Taking a break from painting for the next week, so y’all are going to have to hang tuff to see the next step of the big argali painting. Tomorrow I’m off to the opening weekend festivities surrounding “Art and the Animal”, the annual majored juried show held by the Society of Animal Artists, of which I’m proud to have been a member since 2002. As those of you who follow this blog know, earlier in the year I learned that I had finally gotten into the show after coming up short for five or six years. I’ll try to blog a little of it while I’m there.
In other (great) news, along with some more pictures of the felt work:
Yesterday I had an eagerly anticipated phone conversation with Gana Wingard, the Mongolian scientist (she’s married to an American attorney who specializes in natural resource law) who was my translator and liaison for my meetings with the herder women who live in and around the Ikh Nartiin Chuluu Nature Reserve. I came home on the 30th and she stayed to run the Earthwatch team, so I was out of touch for almost a month with anyone who could tell me what happened next.
The women went home the same day we left for Ulaanbaatar, but most of them plus more local men and women, came back on August 5 to clean out the spring that serves both the herders and the research camp. They also created some spots for the argali to drink.
Two physicians came and provided information and advice on infectious diseases like swine flu.
The Bag Governor and his wife (a “bag” is the smallest administrative unit in Mongolia) were there, too. Amgalaanbaatar, or Amgaa, who leads the argali research from the Mongolian side, gave them and the other local people who had not been at original meetings a briefing about the new association “Ikh Nart Is Our Future”. He also brought, by request, 3 meters of good thin felt from Ulaanbaatar that the ladies, according to Gana, very carefully divided up square foot by square foot.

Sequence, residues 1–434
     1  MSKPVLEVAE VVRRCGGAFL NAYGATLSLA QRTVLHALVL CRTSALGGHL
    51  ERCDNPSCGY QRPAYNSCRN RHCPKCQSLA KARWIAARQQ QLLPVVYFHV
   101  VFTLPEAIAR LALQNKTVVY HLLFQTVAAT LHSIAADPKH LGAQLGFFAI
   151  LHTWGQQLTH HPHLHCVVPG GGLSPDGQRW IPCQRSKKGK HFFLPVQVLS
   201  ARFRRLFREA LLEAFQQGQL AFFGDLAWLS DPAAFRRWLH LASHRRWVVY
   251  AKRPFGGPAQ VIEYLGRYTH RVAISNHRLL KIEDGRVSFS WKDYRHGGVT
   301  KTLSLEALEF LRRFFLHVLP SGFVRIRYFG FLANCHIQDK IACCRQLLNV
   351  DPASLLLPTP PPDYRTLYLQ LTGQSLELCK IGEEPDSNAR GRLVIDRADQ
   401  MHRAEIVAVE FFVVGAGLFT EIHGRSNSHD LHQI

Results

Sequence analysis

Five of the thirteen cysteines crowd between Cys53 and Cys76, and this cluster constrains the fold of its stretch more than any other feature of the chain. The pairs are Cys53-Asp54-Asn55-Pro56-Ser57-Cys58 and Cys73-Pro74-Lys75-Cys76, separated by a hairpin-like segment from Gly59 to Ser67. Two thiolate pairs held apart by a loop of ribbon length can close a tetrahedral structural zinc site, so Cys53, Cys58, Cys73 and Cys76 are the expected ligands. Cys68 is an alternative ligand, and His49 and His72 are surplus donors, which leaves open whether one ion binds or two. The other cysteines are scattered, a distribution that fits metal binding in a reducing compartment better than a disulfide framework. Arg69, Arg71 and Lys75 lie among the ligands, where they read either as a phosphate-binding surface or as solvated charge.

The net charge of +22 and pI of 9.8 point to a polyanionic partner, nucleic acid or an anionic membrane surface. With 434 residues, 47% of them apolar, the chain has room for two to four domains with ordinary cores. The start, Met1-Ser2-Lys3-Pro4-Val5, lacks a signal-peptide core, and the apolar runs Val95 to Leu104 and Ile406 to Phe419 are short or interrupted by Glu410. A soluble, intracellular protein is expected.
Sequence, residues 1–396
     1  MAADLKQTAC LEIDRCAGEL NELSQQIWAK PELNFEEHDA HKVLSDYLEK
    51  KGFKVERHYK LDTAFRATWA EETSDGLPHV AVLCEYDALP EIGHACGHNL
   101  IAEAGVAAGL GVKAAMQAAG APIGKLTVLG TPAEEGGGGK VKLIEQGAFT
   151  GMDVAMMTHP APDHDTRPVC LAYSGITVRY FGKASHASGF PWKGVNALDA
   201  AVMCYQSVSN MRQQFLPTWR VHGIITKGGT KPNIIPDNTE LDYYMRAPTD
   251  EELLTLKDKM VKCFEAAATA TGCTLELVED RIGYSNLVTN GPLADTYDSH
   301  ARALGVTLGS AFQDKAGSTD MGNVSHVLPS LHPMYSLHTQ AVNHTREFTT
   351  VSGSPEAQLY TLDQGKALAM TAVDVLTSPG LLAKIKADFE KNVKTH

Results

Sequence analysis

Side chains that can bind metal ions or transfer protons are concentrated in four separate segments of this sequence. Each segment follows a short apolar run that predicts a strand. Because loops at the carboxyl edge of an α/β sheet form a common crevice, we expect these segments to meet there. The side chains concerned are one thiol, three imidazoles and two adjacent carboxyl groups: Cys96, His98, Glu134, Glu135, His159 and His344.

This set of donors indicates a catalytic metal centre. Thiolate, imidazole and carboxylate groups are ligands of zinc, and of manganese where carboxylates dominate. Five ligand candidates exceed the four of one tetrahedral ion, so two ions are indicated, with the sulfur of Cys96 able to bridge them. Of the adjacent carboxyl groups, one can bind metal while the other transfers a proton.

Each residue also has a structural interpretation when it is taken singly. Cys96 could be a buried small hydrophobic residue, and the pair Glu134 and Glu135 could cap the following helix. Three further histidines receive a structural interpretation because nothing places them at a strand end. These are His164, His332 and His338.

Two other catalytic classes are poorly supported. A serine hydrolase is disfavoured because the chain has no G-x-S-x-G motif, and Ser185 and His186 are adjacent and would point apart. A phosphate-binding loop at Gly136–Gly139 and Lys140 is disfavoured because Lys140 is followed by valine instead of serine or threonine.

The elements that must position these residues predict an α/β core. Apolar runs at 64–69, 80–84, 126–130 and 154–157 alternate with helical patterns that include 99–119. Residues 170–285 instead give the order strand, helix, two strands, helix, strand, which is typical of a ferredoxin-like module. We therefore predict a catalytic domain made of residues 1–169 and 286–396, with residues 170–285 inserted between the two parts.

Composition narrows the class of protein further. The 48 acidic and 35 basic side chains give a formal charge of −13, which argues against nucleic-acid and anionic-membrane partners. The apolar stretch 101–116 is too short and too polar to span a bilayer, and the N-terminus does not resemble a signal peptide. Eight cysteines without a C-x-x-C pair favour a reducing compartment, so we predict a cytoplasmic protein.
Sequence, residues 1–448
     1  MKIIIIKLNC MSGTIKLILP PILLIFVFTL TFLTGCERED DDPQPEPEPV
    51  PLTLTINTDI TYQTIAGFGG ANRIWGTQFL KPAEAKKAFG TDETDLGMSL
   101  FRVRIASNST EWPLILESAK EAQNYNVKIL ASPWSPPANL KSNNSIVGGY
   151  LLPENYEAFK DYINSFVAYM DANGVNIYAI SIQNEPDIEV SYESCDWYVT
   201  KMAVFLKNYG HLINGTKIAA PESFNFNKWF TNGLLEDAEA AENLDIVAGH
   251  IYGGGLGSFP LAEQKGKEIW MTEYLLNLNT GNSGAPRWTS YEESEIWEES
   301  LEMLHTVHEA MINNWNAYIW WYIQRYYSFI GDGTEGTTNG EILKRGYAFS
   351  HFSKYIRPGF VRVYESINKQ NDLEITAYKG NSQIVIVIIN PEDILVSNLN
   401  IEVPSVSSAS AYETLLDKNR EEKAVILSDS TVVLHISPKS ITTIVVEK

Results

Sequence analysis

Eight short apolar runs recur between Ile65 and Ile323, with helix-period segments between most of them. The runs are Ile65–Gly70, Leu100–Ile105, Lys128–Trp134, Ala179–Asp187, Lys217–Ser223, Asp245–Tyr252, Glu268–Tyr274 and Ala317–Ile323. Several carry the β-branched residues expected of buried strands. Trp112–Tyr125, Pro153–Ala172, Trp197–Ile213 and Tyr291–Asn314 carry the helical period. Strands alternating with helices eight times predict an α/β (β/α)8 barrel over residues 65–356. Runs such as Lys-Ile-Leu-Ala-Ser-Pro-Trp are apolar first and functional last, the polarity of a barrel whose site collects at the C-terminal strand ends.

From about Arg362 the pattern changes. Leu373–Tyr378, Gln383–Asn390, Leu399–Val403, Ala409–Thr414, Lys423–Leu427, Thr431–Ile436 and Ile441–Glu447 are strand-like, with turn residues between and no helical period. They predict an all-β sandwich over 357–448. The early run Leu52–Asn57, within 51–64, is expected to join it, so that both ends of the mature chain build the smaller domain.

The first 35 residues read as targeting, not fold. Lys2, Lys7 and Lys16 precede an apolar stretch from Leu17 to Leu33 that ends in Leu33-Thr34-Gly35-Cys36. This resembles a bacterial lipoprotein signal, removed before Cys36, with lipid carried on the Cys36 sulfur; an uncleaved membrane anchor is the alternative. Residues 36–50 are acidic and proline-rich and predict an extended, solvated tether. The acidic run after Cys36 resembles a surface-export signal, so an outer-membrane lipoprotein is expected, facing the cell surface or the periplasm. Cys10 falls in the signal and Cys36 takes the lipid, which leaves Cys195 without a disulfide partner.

The director of the association, Boloroo, was very happy to receive a laptop computer, which she badly needed for the association’s recordkeeping. The computer was given to her by the research project on the condition that I find a replacement, which is something I’ll be working on. If anyone reading this can donate or knows where I could buy reasonably, a good quality fairly new laptop, please let me know.
There has been no time for Amgaa to research prices for the felt press, so that has had to be put off until October.
Ikh Nart formalized a sister park relationship with Anza-Borrego State Park last fall. I haven’t really met any of the park people yet, but they have donated a fair amount of equipment and help with things like signs. Amgaa visited them in California in January, his first trip to the USA. Six people from the park were at Ikh Nart while Gana was there with the Earthwatch team. Boloroo came to the camp on a motorbike with a selection of craft items. The Anza-Borrego people bought over 100,000 tugrik (about $100) worth for themselves and as gifts. As you can imagine, I was thrilled to hear about this. Two of the American Earthwatch staff members also purchased over $150 of crafts. This means that at least a small income is already flowing to the women who showed up and worked so hard while I was there.
There are two more Earthwatch teams this year and Boloroo plans to visit each one. She has also contacted my guide who was interested in commissioning traditional felt rugs and it looks like something will happen there, too. All in all, a terrific beginning. It was hard not to have been there for what came next, but I’m looking forward to seeing everyone next year!